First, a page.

Farmington Hills Mayor Theresa Rich addresses attendees at a State of the Cities Greater Farmington Area Chamber of Commerce event earlier this month. Development and infrastructure were a couple of the subjects Rich touched on during her address.

Farmington Hills Mayor Theresa Rich addresses attendees at a State of the Cities Greater Farmington Area Chamber of Commerce event earlier this month. Development and infrastructure were a couple of the subjects Rich touched on during her address.

Photo by Patricia O’Blenes

Farmington Hills mayor shares highlights and aspirations at State of the Cities address

By: Mark Vest | Farmington Press | Published March 18, 2024


FARMINGTON HILLS — At a recent State of the Cities Greater Farmington Area Chamber of Commerce event earlier this month, Farmington Hills Mayor Theresa Rich had an opportunity to advocate for her city.

The event took place March 6 in front of a crowd at The Hawk, a community center in Farmington Hills.

Rich and Farmington Mayor Joe LaRussa were each given a chance to address the audience about some of the highlights of their respective cities.

Rich said that her role as the mayor is to be the No. 1 cheerleader for the city.

“Tomorrow will mark 100 days since I was sworn in as mayor of Farmington Hills,” she said. “One of the things I promised is we would bring more voices into the conversation, and with this council, we’ve already approved appointment to boards and commissions of 26 people who had never served the city in a role before, and that brings intentionality to increasing the diversity of our boards and commissions to better reflect our community.”

A video presentation helped to highlight some of Farmington Hills’ accomplishments over the past year, including images of the city’s 50th anniversary celebration in 2023.

The points of emphasis included that the Fire Department, which also includes paramedic services, responded to more than 12,000 incidents, which was reportedly a department record, and the Police Department responded to more than 55,000 calls for service and collected over 600 pounds of unused prescription drugs.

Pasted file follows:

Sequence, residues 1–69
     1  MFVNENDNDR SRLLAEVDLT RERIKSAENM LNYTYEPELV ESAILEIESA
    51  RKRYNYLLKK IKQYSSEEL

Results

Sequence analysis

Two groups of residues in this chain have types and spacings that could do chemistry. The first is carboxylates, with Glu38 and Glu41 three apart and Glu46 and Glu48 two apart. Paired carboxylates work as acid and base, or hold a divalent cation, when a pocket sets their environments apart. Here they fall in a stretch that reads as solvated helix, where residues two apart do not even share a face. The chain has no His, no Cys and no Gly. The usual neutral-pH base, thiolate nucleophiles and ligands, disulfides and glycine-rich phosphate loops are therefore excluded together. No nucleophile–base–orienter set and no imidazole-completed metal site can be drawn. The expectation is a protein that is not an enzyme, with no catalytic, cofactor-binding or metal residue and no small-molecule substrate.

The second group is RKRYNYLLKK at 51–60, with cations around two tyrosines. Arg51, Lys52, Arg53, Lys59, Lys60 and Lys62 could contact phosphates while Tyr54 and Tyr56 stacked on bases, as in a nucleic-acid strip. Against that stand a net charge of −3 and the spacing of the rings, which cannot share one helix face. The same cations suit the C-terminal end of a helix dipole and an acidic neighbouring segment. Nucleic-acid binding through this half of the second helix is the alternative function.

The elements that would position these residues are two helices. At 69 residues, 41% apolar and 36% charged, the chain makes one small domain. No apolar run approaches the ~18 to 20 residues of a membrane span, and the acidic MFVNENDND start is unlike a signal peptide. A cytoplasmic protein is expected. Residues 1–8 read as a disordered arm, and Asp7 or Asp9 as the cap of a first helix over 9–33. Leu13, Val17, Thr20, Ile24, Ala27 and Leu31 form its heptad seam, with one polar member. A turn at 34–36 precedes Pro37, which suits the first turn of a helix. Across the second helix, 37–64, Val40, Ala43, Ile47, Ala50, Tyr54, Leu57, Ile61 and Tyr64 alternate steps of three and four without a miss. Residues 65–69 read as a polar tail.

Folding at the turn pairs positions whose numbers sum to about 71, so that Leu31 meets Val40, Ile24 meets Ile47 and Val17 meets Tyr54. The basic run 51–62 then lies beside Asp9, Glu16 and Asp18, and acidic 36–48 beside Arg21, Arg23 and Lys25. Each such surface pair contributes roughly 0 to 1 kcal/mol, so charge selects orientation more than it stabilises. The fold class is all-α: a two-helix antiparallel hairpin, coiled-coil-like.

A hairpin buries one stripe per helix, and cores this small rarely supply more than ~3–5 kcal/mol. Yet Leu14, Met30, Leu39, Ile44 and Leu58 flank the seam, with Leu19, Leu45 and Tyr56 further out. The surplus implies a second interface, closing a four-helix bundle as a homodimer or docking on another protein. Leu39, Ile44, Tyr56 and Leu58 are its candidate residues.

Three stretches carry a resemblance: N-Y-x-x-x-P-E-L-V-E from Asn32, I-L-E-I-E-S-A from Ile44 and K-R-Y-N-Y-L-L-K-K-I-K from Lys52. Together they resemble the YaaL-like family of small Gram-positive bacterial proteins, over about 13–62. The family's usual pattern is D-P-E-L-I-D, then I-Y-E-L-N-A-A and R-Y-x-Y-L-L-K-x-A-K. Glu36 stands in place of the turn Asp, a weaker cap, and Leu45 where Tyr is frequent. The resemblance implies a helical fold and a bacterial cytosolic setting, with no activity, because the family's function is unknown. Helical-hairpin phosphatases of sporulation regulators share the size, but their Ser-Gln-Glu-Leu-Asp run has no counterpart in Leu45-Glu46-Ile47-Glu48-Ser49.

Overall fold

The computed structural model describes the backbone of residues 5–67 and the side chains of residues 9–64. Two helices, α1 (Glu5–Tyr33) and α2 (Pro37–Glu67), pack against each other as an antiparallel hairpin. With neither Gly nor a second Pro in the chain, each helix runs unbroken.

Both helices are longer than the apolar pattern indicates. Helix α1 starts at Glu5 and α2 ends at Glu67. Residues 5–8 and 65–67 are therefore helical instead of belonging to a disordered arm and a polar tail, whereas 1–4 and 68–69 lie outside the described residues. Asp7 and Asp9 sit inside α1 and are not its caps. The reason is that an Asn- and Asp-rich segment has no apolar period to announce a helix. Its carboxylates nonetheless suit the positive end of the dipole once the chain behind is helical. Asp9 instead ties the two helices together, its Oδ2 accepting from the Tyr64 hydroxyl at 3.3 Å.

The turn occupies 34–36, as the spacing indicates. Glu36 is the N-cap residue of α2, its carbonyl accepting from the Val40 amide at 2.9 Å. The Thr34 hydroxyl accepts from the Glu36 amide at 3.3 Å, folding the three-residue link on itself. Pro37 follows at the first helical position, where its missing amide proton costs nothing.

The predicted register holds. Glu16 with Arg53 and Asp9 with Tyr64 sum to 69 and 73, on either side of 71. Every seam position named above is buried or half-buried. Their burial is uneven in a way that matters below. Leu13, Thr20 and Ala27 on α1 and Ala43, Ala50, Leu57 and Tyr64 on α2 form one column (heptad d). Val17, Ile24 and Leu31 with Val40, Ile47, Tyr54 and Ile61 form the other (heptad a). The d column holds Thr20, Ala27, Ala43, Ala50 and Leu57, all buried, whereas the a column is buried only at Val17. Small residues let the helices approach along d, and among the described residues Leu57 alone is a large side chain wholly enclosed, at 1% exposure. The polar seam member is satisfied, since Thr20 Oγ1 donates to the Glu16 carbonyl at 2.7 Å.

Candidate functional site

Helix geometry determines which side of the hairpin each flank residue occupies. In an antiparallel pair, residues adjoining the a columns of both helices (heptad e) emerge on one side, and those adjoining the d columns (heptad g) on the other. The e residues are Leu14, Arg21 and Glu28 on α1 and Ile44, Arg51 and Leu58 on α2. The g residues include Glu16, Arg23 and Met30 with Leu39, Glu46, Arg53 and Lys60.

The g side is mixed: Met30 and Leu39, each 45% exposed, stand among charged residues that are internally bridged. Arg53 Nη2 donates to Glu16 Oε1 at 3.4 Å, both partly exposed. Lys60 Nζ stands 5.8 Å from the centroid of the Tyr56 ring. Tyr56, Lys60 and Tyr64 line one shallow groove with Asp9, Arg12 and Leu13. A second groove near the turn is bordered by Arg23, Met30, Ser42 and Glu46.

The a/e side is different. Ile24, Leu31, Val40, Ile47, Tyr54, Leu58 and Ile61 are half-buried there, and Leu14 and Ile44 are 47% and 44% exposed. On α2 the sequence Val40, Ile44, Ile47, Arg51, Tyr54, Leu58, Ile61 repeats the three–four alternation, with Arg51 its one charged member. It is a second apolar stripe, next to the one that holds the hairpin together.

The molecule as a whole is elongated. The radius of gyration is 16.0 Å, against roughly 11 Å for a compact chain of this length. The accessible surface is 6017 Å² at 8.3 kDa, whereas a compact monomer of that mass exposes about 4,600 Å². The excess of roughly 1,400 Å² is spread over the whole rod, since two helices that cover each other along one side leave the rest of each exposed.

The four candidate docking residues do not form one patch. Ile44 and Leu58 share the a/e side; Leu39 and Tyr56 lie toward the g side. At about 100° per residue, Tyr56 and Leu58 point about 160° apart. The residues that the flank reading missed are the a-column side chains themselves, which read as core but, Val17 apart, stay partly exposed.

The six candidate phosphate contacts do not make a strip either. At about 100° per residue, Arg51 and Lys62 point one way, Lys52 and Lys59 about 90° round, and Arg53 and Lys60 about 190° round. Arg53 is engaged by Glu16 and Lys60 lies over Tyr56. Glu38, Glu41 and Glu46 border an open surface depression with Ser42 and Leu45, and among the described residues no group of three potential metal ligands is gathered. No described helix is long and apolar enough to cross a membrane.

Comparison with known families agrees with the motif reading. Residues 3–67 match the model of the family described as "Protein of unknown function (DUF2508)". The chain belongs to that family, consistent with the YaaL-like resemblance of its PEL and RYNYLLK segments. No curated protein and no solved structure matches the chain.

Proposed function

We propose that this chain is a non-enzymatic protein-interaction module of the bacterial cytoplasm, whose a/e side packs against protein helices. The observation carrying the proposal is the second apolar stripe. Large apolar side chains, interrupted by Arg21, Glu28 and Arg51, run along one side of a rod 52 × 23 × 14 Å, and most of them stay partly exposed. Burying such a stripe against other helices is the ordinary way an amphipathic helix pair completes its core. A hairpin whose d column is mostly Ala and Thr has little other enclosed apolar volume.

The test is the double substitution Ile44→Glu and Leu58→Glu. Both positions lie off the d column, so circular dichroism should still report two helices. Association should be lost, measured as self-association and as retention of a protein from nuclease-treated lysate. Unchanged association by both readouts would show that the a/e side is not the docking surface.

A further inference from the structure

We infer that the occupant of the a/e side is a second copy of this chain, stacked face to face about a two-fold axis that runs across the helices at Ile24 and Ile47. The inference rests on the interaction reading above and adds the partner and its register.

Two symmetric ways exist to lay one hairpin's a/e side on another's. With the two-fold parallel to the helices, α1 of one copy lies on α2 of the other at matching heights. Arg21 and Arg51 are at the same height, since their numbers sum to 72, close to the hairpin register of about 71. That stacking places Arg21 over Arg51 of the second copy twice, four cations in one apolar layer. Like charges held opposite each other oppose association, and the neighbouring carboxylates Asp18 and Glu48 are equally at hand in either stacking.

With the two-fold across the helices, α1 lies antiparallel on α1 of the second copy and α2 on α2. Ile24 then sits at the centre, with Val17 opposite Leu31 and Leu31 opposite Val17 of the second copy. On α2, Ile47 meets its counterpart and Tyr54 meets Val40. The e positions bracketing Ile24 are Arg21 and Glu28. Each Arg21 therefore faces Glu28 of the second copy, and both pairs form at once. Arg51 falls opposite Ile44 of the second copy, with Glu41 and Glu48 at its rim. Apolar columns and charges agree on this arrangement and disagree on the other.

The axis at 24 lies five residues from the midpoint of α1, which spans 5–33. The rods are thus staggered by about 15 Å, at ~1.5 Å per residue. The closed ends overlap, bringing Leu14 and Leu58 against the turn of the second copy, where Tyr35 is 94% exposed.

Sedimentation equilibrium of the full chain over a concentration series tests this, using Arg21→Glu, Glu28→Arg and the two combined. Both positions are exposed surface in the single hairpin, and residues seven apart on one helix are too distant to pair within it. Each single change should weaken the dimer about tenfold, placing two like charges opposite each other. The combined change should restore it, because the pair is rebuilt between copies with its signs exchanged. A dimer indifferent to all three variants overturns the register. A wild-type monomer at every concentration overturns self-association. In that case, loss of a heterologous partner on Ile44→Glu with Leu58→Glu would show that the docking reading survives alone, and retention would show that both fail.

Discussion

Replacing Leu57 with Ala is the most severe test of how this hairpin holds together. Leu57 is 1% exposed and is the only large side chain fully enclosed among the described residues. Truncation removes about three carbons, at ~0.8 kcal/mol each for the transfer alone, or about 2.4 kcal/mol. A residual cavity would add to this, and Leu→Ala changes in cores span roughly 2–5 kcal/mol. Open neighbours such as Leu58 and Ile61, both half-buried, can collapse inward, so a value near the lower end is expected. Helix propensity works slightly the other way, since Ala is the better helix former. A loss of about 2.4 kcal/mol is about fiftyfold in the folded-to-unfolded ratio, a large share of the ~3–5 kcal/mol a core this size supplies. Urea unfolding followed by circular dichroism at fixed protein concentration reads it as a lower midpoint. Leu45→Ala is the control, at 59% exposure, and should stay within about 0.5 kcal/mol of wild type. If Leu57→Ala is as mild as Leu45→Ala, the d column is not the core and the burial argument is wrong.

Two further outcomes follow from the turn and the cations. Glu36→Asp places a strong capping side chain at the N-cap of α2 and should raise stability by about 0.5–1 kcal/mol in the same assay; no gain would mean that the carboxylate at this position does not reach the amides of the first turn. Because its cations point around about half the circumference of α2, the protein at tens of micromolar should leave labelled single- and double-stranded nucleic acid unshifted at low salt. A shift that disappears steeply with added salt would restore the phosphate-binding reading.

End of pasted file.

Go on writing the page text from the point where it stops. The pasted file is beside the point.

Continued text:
“We are dedicated to maintaining our position as one of the safest cities of our size in the state,” Rich said following the video presentation. “The No. 1 role of government is to make sure people are safe, and the Farmington Hills Police Department has doubled down on training and technology for our officers, particularly after an independent analysis found the department was already operating above industry standards.”

According to Rich, the city is continually looking at how the community can be better served.

As an example, she pointed out that Fire Station 3, which is one of five fire stations in the city, is now a full-time operation.

The station, located at Grand River Avenue and Middlebelt Road, was previously staffed 7:30 a.m. to midnight daily. Like other stations, it now operates 24/7.

As part of her contention that the state of Farmington Hills is strong and the future is bright, Rich said that the city is continually improving its infrastructure.

Her prime example was the Farmington Area FiberCity project, something both Farmington and Farmington Hills are a part of, described in a press release as a “revolutionary fiber optic infrastructure investment that will bring a fast, affordable and reliable all-fiber internet network to every home, business, and institution in both cities.”

Construction of the network has commenced. The project is expected to be completed in two years.